…As it is, 40 million prescriptions handed out each year aren’t what they are claimed to be. In some cases, someone knows about this and did it deliberately.

…What can you do? Don’t buy drugs online unless it’s from a legit pharmacy. Look at your pills—is the color running in your damp hand or is the logo all funky? If pills are suddenly a different color, your pharmacy may have changed generics—but ask. And if you suddenly have your symptoms return—ask the pharmacist.

Monday, February 19, 2007

Protect your hands


…HealthBeat, the Harvard health letter, wrote on Feb 15, 2007, about hands and hand diseases and deformities.

…Hands are er, handy—and visible.

…We tend to take them for granted (like eyes, hint, hint).

…Hand pain, swollen joints, or finger deformities, the newsletter noted, can cause embarrassment and feelings of helplessness.

…Two big causes of pain are arthritis and carpal tunnel. But lupus, gout, cysts, and tendonitis can also afflict the hands.

…One in three adults has arthritis. It’s the leading cause of disability among Americans.

…There are 100 kinds of arthritis, but osteoarthritis is the most common. An injury can trigger it. Repetitive motion can trigger pain like arthritis, but does not cause osteoarthritis in the hands.

…That is our friend carpal tunnel, which afflicts 2-3% of Americans, twice as many women as men.

…The pain, weakness, and tingling most often crops up in the thumb, index finger, middle finger and half the ring finger. It can get so bad it wakes you up.

…Gradually it can become hard to make a fist or grab things. Surgery may be needed.

…To keep your paws pain free: Keep your wrists in a neutral position at the keyboard. Don’t flex down or up.

…Get up and stretch once an hour.

….Those split keyboards and other new wrinkles? Not yet studied and shown to be effective. Who knows—they could make it worse.

…Some people wear arm braces at work. See what the doctor says. One approach is to work less and get up and stop typing.

…Nah.

Friday, February 16, 2007

Dog dancing...one anna two


…HA once lived below a couple with a standard poodle who would put his arms on the wife’s shoulders and dance. He was huge! It was so cute, it began HA’s love of poodles and dogs with poodle anywhere in them.

…Writing for the AP, Kim Nguyen talks about a new art form—dancing with your pooch.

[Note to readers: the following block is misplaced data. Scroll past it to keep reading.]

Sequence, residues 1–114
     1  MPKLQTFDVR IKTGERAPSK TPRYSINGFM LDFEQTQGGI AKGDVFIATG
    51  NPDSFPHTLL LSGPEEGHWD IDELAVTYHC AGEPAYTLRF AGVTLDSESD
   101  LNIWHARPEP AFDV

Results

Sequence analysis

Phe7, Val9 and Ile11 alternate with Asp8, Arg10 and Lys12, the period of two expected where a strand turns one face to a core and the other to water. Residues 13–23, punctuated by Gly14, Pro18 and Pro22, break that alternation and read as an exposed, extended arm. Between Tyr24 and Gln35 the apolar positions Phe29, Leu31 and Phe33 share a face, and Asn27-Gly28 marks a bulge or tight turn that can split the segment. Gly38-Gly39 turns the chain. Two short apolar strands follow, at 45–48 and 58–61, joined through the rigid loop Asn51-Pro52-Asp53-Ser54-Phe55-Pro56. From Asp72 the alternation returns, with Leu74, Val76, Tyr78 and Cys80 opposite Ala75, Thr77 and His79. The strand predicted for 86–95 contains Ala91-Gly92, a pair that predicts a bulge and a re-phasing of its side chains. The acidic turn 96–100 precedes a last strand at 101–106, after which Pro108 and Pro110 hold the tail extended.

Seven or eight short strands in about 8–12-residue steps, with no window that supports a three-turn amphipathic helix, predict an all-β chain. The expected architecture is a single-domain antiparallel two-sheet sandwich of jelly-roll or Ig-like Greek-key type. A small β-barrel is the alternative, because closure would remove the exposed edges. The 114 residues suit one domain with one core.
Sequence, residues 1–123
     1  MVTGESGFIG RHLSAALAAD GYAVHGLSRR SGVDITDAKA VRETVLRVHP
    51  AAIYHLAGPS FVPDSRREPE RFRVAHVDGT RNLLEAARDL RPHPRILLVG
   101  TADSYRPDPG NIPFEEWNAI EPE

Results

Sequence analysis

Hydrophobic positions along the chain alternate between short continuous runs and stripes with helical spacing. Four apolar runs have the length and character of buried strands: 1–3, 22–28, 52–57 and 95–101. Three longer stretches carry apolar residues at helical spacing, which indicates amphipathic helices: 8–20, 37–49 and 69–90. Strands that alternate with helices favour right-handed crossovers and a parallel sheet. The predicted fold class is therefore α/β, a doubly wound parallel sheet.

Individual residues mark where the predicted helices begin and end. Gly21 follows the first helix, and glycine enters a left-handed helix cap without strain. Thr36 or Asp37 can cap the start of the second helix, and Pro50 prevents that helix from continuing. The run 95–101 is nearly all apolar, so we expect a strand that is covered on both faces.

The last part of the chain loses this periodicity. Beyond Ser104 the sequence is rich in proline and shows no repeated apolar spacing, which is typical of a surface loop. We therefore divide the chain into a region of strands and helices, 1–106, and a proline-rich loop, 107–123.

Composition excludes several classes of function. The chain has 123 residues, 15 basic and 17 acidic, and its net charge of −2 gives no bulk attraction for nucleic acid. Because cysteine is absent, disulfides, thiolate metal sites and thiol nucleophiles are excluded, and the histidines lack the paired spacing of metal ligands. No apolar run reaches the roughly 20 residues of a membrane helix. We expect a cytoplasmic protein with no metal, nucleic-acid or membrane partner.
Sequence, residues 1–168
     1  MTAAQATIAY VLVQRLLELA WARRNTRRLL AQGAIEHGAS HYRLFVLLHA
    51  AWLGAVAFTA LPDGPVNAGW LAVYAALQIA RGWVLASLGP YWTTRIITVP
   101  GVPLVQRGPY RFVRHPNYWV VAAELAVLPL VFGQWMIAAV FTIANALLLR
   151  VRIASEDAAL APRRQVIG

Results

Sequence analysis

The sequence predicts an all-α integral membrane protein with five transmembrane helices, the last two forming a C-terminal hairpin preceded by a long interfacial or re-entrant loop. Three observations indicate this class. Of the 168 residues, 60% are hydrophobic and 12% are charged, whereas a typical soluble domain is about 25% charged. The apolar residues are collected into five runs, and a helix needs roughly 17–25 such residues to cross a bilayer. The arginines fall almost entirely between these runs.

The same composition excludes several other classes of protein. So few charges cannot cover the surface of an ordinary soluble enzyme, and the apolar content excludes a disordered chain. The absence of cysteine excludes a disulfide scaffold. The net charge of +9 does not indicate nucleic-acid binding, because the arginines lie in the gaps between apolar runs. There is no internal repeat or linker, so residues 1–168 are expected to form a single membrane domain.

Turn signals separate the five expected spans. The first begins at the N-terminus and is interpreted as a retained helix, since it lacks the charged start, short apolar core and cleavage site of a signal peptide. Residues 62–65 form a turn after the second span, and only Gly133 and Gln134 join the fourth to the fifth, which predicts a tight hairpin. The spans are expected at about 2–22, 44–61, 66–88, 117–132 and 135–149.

..Canine freestyle, my babies—to “Boot Scootin’ Boogie!” Forget the Pilates—this is exercise.

…The craze is invading kennels, doggie day cares and stock shows everywhere. The duos, human and better than human, dress up like square dancers!

…One woman did the splits while her dog jumped over her legs, Nguyen reports.

...Uh, OK.

…In another story on this, one woman said her dog had better rhythm than she did and she felt like a clodhopper compared with her pet.

…The musical selections mentioned seemed a little country-ish/excessively patriotic (“It’s a Grand Old Flag,” etc).

…But there are doggie dance clubs now in Colorado and elsewhere. And a trade association—World Canine Freestyle Assn in New York (http://www.worldcaninefreesyle.org/).

…Fifteeen thousand people may be out there waltzing around with Fido.

…In Britain, this is so popular, it’s part of the huge Crufts Dog Show.

…All agreed—This will put a smile on your face, even the dog’s.
…Like that poodle did so long ago.

Thursday, February 15, 2007

Out of rehab--all better now?


…Loree Taylor Jordan, author of Detox for Life and Fat and Furious, is called the Colonic Queen (and you thought your nicknames were bad).

…She takes on the shrimpy little Hollywood princesses knocking back the shooters, DUI-ing, "fainting," etc.

…She says all these gals are in denial.

…Anorexia is really about being out of control and acting out, she says. The victim seeks to seize control of food—if nothing else.

…But at the same time, they lose control of their health.

…The only way to break the cycle is with honesty. They must admit they are in danger.

…The media, Jordan says, seems to think that if someone goes to rehab, they are done with the problem.

…Once you have an addiction—it is never over!

…Sober weeks turn into sober months, then sober years.

…Jordan has struggled with these problems herself for years. She once drank only water.

…HA wonders where the colonic thing enters in. Isn’t that a form of purging? Is it addictive?

…HA means for others, not for her.

Wednesday, February 14, 2007

Know where that breast milk's been?


…The Washington Post had a story by Shannon Henry on the safety of donated breast milk.

…Everyone knows that breast milk is good for babies, better than formula, if a mother can possibly nurse.

…This is the general rule, but there can be exceptions.

…There are 10 nonproft milk banks that match mothers and donors and are accredited by the Human Milk Banking Assn of North America (www.hmbana.org).

…There are also for-profit banks and wet nurses.

…Other people swap milk with neighbors and friends.

…HA had never heard of this organizational network. Others worry that it is too underground and not regulated enough.

…HIV and syphilis can pass through milk. Many banks shut down during the height of the AIDS epidemic, but are reopening.

…If you want breast milk for your baby and cannot nurse or are on medication or something, the first step is to go to an accredited HMBANA milk bank. They freeze the milk and ship it for as little as $2.90 an ounce.